Growing Things: Just how long can you store your vegetable seeds?

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Q: We are getting ready to plant our vegetable garden and went into our collection of seeds that we store in our cold room and found several packages of the same seeds. For example, we have three packages of carrots, four of corn and so on.

While some of them have dates on them many do not. We are wondering how long the seeds will keep. Most of the seeds in our little collection are no more than four years old. Is this too old? Your help is always appreciated.

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A: I have been receiving quite a few questions as of late on how long seeds that have been stored will retain their viability. I thought this a timely topic with many of us getting ready to plant our gardens. While there are no hard and fast rules there are guidelines out there on how long you can use your seeds. Firstly, how you store your seeds is as important as how long. The tip is to store them in a cool, dark place and preferably in a well-sealed container. The vegetable crisper in your fridge would be an ideal place if you don’t have a cold room.

For years I would store mine in the basement in the open envelopes and then wonder why only half of the seeds germinated. I now put the seeds into a sealable plastic bag and then place the sealed bag into a Tupperware type of box. This then goes into my vegetable crisper. I have had very good success storing seeds in this manner. As for the question of how long they will remain viable, that depends a great deal on the type of seed.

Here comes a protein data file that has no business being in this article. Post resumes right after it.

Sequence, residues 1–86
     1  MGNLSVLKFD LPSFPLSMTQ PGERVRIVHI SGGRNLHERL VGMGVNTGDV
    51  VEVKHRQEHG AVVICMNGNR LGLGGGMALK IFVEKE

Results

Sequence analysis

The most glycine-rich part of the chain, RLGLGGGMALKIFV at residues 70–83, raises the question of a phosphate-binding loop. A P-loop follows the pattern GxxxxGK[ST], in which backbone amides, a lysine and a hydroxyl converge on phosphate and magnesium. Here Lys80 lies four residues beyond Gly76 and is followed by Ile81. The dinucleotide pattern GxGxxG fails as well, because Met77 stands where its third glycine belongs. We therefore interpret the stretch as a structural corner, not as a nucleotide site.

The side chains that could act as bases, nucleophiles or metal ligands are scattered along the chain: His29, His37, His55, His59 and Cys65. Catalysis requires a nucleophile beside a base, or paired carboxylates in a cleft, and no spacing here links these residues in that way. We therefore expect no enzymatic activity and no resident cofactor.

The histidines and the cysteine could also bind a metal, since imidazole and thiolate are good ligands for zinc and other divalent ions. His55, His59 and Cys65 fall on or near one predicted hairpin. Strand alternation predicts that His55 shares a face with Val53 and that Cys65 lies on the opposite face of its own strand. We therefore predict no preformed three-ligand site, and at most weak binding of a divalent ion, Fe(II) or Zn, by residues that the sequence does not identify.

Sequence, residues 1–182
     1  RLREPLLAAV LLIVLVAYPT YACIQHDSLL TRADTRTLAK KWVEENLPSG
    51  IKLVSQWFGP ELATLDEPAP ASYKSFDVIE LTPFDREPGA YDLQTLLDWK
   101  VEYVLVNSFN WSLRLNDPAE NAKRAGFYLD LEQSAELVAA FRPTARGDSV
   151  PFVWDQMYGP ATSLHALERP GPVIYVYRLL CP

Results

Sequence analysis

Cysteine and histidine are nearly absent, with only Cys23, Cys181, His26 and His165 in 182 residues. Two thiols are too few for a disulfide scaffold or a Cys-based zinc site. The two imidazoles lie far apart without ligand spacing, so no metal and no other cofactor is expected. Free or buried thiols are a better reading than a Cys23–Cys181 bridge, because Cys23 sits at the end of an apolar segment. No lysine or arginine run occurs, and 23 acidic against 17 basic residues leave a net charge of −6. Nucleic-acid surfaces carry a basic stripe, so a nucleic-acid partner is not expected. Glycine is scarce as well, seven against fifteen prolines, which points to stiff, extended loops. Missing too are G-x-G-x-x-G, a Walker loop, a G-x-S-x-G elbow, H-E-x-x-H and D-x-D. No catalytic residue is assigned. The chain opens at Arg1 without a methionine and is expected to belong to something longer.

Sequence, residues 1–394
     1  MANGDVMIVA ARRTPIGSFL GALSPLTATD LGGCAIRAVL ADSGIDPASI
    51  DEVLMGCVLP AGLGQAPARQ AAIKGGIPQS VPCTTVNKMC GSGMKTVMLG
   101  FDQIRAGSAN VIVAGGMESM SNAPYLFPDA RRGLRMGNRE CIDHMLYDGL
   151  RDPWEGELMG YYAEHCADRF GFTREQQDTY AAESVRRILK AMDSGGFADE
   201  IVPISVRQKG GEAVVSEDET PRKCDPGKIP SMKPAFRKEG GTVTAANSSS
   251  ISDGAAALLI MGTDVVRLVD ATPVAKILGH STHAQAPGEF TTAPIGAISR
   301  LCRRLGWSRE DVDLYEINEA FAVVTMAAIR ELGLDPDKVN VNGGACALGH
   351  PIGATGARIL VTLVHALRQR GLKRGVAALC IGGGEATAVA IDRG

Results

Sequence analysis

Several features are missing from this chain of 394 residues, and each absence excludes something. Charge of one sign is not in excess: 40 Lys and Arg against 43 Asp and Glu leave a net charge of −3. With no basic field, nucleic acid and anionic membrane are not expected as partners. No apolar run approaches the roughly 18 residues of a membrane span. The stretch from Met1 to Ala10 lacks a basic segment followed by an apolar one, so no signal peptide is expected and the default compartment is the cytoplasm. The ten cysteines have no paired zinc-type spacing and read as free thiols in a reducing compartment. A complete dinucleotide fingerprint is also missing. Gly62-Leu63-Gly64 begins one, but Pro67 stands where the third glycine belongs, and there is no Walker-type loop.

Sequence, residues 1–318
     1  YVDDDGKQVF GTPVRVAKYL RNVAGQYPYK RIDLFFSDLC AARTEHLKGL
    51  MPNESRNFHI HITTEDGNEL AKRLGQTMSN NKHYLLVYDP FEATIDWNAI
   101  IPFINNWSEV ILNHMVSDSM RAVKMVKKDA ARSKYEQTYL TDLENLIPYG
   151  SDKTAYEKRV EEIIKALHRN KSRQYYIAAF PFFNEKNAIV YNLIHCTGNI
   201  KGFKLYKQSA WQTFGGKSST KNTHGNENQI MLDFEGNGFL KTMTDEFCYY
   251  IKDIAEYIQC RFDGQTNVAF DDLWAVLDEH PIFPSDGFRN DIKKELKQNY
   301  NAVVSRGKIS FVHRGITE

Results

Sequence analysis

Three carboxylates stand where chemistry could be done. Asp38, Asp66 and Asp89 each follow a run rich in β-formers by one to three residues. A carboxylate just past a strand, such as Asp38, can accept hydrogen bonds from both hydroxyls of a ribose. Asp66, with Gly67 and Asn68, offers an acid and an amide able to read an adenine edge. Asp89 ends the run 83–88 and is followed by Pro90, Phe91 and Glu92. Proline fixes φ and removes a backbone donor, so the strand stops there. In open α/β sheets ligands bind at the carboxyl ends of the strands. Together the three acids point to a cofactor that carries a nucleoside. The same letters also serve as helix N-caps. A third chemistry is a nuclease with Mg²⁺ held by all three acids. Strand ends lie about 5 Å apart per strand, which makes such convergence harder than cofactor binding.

Some general guidelines for seeds:

One year: Onion, parsnips, parsley

Two-three years: Beans, lettuces, leeks, celery, corn, peppers, carrots, peas

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Three-five years: Beets, chard, radish

Five+ years: Cucumber and tomato

When it comes to flower seeds a good rule of thumb is that annuals will last one to three years and perennials two to four years. Remember though that these are very rough guidelines. If you are unsure how old the seeds really are or about their viability you can always use a pot filled with potting mix as a test. Plant a few of the seeds in the pot and see how many germinate.

Every week, Growing Things Outdoors runs online at edmontonjournal.com or, if you prefer an epaper format, epaper.edmontonjournal.com

Learn more by emailing your questions to filipskigerald@gmail.com, reading past columns or my book Just Ask Jerry. You can also follow me on Twitter @justaskjerry01.

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